2013 Fall Television – Revisited

A few weeks back, I wrote a way-too-long-blog-post about the Fall television shows I was into, both new stuff and returning. Feel like now is a good time to revisit those particular programs, since we’re getting on towards Thanksgiving and there will be a whole new crop of television shows come the spring.

NEW SHOWS

Almost Human (Premieres Nov. 17)
Almost Human’s television premiere was delayed by two weeks so Fox could better roll out the show. Still on my list; looking forward its bow next weekend.

The Crazy Ones (Premiered Sept. 26)
What I wrote then:
“Here’s a formula for a comedy: hire Robin Williams, and basically let him riff for 30 minutes. Give him a veteran television actor to play straight man and daughter (Sarah Michelle Gellar, a.k.a. “Buffy”) and situation that allows for a lot of guest stars (man at an ad agency).”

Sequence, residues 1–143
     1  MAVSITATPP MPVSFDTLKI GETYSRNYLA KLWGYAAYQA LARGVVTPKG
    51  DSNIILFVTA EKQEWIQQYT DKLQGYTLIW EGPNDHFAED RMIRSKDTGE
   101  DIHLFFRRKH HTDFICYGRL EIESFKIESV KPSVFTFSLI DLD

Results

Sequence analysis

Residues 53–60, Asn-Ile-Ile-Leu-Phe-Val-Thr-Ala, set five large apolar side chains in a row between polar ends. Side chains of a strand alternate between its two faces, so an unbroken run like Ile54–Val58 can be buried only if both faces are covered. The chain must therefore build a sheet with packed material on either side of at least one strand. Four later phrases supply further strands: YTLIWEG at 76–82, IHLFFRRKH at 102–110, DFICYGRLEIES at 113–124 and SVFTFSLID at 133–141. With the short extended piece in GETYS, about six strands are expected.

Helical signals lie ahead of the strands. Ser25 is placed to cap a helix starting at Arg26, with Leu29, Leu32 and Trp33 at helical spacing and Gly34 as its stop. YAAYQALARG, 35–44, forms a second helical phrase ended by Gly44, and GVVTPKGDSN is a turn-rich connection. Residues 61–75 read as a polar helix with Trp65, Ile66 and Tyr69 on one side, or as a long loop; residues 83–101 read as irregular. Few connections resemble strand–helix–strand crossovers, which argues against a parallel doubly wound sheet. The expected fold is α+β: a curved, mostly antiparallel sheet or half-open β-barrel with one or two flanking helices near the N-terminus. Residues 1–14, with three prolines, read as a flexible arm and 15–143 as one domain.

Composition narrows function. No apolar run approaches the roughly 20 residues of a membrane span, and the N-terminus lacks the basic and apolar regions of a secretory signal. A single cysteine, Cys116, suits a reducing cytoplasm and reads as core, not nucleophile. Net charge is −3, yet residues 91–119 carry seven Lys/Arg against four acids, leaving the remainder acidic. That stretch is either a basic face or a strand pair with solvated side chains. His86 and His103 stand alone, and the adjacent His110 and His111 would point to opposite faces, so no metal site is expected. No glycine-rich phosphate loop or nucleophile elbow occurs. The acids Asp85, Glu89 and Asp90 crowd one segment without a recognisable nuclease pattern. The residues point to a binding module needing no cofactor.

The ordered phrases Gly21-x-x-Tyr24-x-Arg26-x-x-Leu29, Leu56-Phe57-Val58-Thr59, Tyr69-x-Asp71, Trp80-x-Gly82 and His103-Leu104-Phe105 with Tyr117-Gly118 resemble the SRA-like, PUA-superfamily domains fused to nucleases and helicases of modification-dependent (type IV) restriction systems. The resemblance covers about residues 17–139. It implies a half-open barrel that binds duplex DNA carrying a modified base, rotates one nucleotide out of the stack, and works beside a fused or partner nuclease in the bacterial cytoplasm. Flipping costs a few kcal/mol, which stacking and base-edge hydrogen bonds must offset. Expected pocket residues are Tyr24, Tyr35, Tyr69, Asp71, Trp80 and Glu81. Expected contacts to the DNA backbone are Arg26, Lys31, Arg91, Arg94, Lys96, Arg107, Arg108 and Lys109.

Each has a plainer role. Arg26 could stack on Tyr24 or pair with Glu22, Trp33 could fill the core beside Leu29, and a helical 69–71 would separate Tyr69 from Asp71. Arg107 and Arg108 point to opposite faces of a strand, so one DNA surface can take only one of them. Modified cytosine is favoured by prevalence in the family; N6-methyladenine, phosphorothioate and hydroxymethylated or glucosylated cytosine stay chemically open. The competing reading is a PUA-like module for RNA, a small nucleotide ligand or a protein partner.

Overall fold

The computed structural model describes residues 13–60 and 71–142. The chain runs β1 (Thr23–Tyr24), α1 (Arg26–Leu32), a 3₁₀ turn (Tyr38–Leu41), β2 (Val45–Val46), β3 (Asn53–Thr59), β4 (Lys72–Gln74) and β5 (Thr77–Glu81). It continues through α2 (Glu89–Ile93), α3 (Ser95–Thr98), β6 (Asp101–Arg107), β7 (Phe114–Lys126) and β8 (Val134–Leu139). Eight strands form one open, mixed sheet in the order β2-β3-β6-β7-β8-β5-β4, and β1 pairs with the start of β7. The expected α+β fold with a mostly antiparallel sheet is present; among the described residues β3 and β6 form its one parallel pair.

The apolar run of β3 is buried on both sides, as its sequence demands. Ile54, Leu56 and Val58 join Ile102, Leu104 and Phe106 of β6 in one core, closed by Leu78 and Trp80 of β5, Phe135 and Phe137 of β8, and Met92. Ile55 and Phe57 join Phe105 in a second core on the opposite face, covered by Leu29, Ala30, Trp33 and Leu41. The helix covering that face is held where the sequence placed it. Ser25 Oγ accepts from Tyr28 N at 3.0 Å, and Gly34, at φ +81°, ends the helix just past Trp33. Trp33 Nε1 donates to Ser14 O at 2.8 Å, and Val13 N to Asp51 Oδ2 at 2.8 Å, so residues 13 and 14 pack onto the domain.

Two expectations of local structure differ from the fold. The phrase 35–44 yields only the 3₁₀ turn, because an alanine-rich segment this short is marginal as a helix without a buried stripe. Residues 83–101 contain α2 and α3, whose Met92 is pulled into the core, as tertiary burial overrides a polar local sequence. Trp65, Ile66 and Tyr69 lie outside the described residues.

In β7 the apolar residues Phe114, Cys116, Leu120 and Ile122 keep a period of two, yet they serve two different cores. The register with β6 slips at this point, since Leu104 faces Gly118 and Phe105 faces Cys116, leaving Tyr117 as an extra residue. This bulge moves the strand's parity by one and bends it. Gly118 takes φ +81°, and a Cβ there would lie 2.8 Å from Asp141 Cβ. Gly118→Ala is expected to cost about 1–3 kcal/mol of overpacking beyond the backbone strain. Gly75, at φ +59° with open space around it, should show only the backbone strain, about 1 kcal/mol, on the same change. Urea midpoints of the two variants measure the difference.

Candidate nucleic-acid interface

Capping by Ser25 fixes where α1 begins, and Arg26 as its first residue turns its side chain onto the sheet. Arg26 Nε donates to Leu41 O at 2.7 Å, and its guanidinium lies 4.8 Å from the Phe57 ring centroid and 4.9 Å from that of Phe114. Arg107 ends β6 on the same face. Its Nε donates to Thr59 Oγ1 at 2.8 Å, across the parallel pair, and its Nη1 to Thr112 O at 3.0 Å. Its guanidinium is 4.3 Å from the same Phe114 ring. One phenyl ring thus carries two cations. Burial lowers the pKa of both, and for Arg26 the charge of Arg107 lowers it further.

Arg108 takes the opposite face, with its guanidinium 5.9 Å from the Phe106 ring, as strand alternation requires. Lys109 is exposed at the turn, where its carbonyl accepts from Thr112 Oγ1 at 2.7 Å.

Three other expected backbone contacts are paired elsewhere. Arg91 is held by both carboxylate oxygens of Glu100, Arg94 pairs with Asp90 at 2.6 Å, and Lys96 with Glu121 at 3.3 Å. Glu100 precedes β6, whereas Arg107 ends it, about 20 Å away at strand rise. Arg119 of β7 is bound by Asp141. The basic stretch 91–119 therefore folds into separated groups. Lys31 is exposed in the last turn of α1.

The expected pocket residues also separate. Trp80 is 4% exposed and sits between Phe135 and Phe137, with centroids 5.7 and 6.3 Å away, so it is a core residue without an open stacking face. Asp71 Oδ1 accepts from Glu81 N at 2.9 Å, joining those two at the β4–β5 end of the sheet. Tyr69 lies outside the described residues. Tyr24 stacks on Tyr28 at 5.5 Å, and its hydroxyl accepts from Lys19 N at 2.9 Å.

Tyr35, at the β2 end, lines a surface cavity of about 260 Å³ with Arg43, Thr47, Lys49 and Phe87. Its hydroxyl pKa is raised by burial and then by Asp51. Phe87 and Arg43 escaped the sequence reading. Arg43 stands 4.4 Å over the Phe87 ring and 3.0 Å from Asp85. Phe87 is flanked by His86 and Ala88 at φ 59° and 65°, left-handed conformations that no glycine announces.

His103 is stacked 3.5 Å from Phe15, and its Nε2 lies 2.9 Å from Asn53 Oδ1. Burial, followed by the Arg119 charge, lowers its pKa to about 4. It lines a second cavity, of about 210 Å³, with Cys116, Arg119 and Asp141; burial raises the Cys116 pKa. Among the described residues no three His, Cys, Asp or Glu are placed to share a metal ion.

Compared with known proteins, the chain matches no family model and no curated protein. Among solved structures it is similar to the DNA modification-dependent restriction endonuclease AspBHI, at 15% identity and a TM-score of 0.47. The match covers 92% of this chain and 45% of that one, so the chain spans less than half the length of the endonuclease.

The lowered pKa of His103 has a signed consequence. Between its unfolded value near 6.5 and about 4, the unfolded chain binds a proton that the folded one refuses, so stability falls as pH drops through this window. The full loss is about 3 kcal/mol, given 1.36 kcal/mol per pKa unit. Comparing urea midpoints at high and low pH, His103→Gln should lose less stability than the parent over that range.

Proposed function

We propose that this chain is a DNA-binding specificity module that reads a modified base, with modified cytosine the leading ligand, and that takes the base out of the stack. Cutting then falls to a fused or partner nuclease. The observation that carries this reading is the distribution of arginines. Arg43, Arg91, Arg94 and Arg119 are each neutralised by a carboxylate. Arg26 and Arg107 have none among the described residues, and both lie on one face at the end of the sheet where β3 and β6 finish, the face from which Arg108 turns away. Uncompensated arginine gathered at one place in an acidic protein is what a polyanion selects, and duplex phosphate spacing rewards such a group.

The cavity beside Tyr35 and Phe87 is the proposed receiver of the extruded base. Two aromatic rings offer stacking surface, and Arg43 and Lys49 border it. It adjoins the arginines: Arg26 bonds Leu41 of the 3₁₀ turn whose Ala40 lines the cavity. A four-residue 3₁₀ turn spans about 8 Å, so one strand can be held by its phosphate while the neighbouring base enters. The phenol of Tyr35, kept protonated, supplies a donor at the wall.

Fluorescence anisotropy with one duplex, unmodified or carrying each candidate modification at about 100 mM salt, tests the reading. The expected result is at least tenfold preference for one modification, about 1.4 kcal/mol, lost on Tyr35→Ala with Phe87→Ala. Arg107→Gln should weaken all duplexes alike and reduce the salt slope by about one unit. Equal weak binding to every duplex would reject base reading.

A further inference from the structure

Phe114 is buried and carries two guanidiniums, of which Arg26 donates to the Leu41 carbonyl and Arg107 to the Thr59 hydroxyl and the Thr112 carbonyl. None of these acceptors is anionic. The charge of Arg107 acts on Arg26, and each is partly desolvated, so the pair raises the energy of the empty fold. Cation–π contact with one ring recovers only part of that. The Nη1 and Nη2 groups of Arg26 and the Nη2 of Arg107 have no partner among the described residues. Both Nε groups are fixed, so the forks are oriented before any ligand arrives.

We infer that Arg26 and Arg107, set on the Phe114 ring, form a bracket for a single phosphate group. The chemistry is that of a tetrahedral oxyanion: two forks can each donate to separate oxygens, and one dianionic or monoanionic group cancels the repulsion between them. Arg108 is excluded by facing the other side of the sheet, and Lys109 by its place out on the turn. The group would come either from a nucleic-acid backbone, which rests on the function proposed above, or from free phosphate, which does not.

What I think now:
I am very surprised at how strong the supporting cast is; both James Wolk (Zach) and Hamish Linklater (Andrew) can hold their own with Robin Williams’ riffing style of comedy, and Sarah Michelle Gellar has really found herself as the straight man of the series. Though the show’s strength is Williams and his randomness, it does need to take care to keep it to a minimum – too much, and the television show starts to feel sloppy. 3/4 stars.

Hostages (Premiered Sept. 23)
What I wrote then:
“The second of CBS’ new wave serial programs, Hostages is a high-concept plot surrounding an attempted assassination of the President of the United States by a doctor who is treating him. The doctor’s family is held hostage while this happens to ensure her compliance. This is just the pilot, and sounds more like a movie than a series. I’m intrigued enough to watch, but not sure where this goes.”

What I think now: